• Although I agree wholeheartedly with Gary, I can’t take credit for his comment, Julie. I’ll add though. While much of the writer-aversion is not gender-specific, I remember the words of a bluesman I used to know who called himself Preacher Boy: that women think mostly about other people, and men think mostly about what they have to do next. A generalization, but I do find myself as I get older adhering more to a “To Do” list, which was maybe the only advice my birth father ever gave me that I listened to. I think, as a man, I even divide things like going on dates with my wife and playing with our daughter into steps. (Don’t tell my wife I said that.)

      I guess this is all to say that fathers probably tend to see their children’s success in how well their children achieve the things they achieved. Perhaps mothers’ love is more unconditional.

      And Rich – I’m with ya on the Yankee hate. I grew up a Royals fan in the 70s/80s, and Billy Martin is one of the great villains of my childhood. My wife went to high school and college in Boston, so we’re both Red Sox fans now. This is a season of what-ifs, but at least it looks like the Yanks are going nowhere this postseason.

      • One can only hope, John. 🙂 (About the Yankees, that is.)

      • Sorry John and Gary!

        I believe the father/son relationship must be a unique type. But still, the similarities between my and Rich’s experiences with my daughter and his father may be that in order to learn to write we both left an established structure and set of expectations that gave my daughter/ his father a sense of security. In my case, I gave up my teaching job and moved in with my parents and rented my house in NH. ( My parents are getting on, and actually needed someone with them. My daughter started boarding school the same year, not far from my parents, at a school that she adores and which is rich enough to cover her tuition.) So there was this chasm at first. Fortunately, she’s seen by now that I’m still taking care of her, and she’s starting to be more curious about what I’m doing, both to earn money and with my writing. But in moving beyond the “market pale,” and by committing to a desire to create our own work and put that work ahead of many establihed structures , any of us can create vulnerability for those who need us. Of course a child’s dependency on her mother (and/or father) for love, protection, security, and well-being is more concrete and legitimate than a father’s dependency on his grown son for some kind of validation. But even that dependency may boil down to a need for love and security, or so the end of Rich’s essay, I think, suggests. Does this make any sense? I guess I felt a bit of a parallel, despite the differences.

        Go Sox (at least next year)!

  7. One of my mentors in undergrad talked about claiming the writer title. If people asked her profession, she would say she’s a teacher, then a teacher of writing, then a writer, then a poet (only if it came down to that). This topic is difficult for poets; if I say I’m a writer everyone assumes prose, fiction of course. Though I admit I like when people say I’m the first poet they ever met.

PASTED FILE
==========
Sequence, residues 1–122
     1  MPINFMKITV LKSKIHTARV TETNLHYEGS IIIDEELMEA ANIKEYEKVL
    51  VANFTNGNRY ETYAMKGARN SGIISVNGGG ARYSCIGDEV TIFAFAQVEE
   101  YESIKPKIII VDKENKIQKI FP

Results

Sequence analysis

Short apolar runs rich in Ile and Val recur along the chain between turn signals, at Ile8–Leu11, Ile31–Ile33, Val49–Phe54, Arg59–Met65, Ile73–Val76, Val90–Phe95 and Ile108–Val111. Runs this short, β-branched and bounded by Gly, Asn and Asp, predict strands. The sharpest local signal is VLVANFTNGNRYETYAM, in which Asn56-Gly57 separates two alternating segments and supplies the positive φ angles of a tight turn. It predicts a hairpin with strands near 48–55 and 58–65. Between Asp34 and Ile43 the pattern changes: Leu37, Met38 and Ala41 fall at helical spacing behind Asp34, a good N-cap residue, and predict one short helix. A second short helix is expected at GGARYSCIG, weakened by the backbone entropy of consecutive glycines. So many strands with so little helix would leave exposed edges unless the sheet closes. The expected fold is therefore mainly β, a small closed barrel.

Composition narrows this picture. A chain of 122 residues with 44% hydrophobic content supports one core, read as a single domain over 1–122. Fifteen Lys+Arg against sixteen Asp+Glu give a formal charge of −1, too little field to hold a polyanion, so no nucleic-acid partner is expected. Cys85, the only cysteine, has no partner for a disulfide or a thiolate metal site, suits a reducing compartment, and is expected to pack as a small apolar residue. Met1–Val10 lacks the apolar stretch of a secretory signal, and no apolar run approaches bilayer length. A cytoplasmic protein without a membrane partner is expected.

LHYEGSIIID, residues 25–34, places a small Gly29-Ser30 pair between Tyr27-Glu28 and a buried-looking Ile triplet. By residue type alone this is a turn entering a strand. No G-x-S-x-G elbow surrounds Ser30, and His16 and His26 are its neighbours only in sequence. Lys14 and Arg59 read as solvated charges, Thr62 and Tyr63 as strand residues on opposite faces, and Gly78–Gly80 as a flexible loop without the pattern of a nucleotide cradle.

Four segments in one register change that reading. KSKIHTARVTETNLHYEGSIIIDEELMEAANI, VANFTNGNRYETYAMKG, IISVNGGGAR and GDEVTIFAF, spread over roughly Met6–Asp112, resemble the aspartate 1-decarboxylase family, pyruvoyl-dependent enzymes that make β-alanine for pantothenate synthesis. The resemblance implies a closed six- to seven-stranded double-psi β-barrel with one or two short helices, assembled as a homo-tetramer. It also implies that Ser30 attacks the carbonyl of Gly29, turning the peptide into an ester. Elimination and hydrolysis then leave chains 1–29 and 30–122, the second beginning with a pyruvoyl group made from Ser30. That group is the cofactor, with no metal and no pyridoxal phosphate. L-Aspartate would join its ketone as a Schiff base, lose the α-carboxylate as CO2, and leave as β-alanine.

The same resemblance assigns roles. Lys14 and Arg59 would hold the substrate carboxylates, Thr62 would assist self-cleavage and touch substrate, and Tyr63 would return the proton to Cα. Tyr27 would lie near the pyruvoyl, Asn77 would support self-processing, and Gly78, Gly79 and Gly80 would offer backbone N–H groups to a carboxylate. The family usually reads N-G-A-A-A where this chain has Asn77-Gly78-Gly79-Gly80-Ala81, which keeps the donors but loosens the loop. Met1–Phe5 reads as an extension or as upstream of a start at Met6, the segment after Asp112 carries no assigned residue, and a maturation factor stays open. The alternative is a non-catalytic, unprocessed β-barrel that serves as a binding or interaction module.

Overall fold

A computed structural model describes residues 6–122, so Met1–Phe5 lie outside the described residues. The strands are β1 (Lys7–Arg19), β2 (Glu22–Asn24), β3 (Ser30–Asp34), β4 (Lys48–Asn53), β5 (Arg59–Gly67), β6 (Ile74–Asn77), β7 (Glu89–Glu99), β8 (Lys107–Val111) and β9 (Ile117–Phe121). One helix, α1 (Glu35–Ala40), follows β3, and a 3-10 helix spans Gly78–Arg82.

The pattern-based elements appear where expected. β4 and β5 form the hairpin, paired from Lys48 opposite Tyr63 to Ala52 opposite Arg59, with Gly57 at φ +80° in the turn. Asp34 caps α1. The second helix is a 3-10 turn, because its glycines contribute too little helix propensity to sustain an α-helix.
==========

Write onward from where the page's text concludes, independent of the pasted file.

After I graduated with my BFA, a degree most writers don’t consider, I found myself in a particular situation when I was a sales rep for a wine distributor. I happened to be at an after party where we were comparing a 1976 German Riesling to a 2006 German Riesling. One of the men in the group asked me what I did when I wasn’t selling wine; who was I really? I’m in this room of doctors, lawyers, business owners and architects. I thought of my mentor’s struggle, and told him I was a poet. That honest answer is why I was hired to apprentice under architect Ligon Flynn. I chose the right moment to be fully honest, not only with other people but, with myself. For over two years I was paid (well) to write, and he also encouraged me to get my MFA. Something has to be said for believing in who you are and not making excuses for it.

  8. Great article, Rich. 🙂

    • Thanks Cheryl,

      I’ll let you know when or if I ever utter the words! But your point is well-taken. My condolences on the loss of your friend, too. Choosing the right moments for honesty can alter lives.

  9. Rich, I only just found this post after reading through the #5 tweets. I so enjoyed reading this. As far as I can tell, you have a great Dad and a great son. There are worse things, right?

    My stepson Bennett graduated from the Naval Academy in ’00. He went to Pensacola to train as a navigator. Unfortunately, he suffered from terrible air sickness in those jets. Did a long stretch trying to beat it (I believe they call it “puke school,” something I’m not sure I ever want to know more about). Wasn’t able to. He ended up not being able to fly, either. The crushing disappointment was compounded when his roommate died in a training accident that last season he was there. Very tough times. (Not to gloss over that chapter, but for the purpose of this brief post, I’ll say that happily, he’s well now.)

    I loved what your five-year-old son said. My son used to say that when he was five. Now he’s almost sixteen. Take out the “to school” part of your son’s quote, and you have what my son says about me today(!)

    You’ve chosen a couple of very different difficult roads, but having read your stuff, I’m guessing you’ll do well this time. Although even when you succeed, in whatever form that might take, your Dad will probably still want to do the Cheech & Chong bit; sounds like too much fun to leave behind.

    • Shelagh,

      We apparently have a mutual friend…Tammy Greenwood? Tammy was my first writing teacher and we’ve stayed in touch. I’m not in a writing group with her (we meet, in fact, tonight at her house!) She’s a great writer and a terrific teacher, and she mentioned that you two knew each other. Small world.
      I had friends who went to puke school…literally that, the intent being to desensitize motion sickness by overexposure. Only in the military!
      It’s nice to ‘meet’ through NC. Thanks for the comments.